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Among the editor’s picks for September is a paper from Klaas Pruessmann’s group at ETH Zürich introducing a new method for simultaneous motion correction and field monitoring. We spoke with Klaas and leading author Max Haeberlin about their unique technique to “make the gradients sing”.

MRMH: Max, your recent MRM paper was selected as an Editor’s Pick for the month of September. Could you tell us about the main aims of this project?

Max: The context is really clear cut: Rigid-body motion correction for brain MRI. We’re taking up on previous work that used NMR markers but which, in our mind, used a sub-optimal timing strategy – one alternating between image encoding and probe tracking. In our approach, we’re trying to remove this fundamental disadvantage by separating the probe tracking and image encoding in the frequency as opposed to the time domain.

MRMH: Why 19F probes in particular?

Klaas: Tritium-enriched water would suit better, only it’s illegal…

Max: [Laughs] As opposed to proton? Certainly to decouple the imaging and field probe signals. And why fluorine? It’s probably the most sensitive liquid state nucleus that you could use, but the most important thing is it’s different from the nucleus used for imaging.

: So you would need a dual RF system to be able to implement your method at the moment?

Max: At the moment, no. At time of publication, yes, that’s the way we implemented it. In our lab now we’re already working with external spectrometers that do the signal processing for the motion correction. So that’s not a fundamental, but more of an engineering issue.

Klaas: In the paper, only a clinical spectrometer was used. We think it’s fairly simple to integrate because the RF infrastructure is the same and the requirements of the spectrometer are the same – just another few channels, but channels aren’t in short supply nowadays.

MRMH: Any other challenges to deal with?

Klaas: Well the elephant in the room is rigid-body relationship of the sensors and the skull. The residual motion of the marker relative to the brain, due to skin mobility, remains an open issue. If we want to handle 1 cm of motion, that is fine, but submillimeter motion is still difficult to correct.

MRMH: Is there anything that surprised you during your study?

Max: We didn’t start off with individual frequency tones to localize the probes. Initially we thought we’d do it somewhat differently, relying on more readily available wideband signals and no single frequency tones, so that was certainly an insight.

Klaas: I must admit I was surprised how nicely all the specs ended up in a good range. For this to work, you need to be sensitive enough with a given nucleus and probes of a given size. You have some degree of sensitivity, which translates into some spatial determination error, and this ended up being some tens of microns, which was exactly what we needed. In principle it could’ve been two orders of magnitude off, so I was pleasantly surprised. It was almost as though someone, a higher entity, had made sure that this would succeed!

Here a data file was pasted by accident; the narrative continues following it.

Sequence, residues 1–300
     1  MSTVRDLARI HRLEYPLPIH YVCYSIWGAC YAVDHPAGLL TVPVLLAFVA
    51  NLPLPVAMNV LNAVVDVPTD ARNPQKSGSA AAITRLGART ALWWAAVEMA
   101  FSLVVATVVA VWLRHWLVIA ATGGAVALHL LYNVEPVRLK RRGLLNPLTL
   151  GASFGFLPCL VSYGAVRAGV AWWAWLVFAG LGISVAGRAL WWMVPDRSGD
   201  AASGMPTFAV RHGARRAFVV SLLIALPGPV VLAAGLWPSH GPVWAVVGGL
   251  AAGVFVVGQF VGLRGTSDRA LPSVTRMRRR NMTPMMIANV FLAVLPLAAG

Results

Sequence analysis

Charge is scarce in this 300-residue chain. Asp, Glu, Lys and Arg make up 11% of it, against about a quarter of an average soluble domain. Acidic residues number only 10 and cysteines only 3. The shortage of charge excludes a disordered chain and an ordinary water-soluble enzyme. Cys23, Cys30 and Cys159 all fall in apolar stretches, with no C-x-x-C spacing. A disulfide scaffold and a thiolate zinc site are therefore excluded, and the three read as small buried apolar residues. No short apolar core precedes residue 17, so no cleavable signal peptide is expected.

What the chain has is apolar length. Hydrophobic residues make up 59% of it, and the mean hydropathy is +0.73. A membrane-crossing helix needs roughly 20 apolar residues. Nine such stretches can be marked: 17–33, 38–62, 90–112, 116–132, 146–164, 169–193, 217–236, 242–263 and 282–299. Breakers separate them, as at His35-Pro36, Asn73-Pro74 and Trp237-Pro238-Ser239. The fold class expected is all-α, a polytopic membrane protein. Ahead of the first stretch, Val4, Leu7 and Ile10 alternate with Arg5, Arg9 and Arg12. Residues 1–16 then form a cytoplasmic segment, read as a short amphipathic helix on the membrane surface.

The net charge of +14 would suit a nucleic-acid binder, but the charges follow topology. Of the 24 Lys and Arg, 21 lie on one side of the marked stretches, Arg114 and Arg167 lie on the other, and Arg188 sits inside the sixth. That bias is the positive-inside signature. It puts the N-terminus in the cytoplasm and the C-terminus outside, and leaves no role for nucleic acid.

MRMH: So the universe conspired to make it work! How did you end up with this insight of single tones?

Klaas: It was quite a few moons ago! Every summer we hold a group retreat, which is a full week of the whole group being in a remote place – working, eating, cooking, drinking, and playing soccer. It was a retreat in Italy quite a few years ago. We were asking ourselves, if we have these probes, how might we identify position based on gradient action? And David Brunner, one of the co-authors, he said “Make them sing! Make the gradients sing!” As it is with David sometimes, all his ideas are good, but you don’t always immediately know what he’s saying. [Laughs] So he explained it, and it was really his spontaneous intuition, which came from his background in sideband modulation – where you have a resonance line, and a Bo field, and by adding a subfield, at a frequency of 1 MHz perhaps, the resonance line will split up into the original line and two ghosts 1 MHz away. One could argue that’s what we’re doing here: We modulate the field that the probes see, and this generates a protected sideband from which we can read the position. And in a moment this all happened in David’s mind… under the influence of Italian wine.

MRMH: Max, you recently finished your PhD, can you tell us about your career path, past and future?

Max: My background is in electrical engineering, I got involved in MRI during my Master’s and then started with Klaas as a PhD student. I graduated a year ago and I decided not to pursue an academic career, but it’s not clear at the moment where my life will take me…

MRMH: Klaas, what about your vision for the future? Trends in MR, advances that you foresee and you would be excited to work on?

Klaas: I see a lot of mileage out of more sensing and more deployment of IT fueled by sensor inputs. Is this a good scan, should it be interrupted? Can we steer against deviations? You don’t want to be concerned with head movement, slight heating, or a train driving by. I think the answer is a sensor input to an IT system that makes smart decisions, such as readjusting the geometry of the sequence. If we can leverage IT more, we can definitely boost MR.

* Interview conducted by Ryan Topfer and Nikola Stikov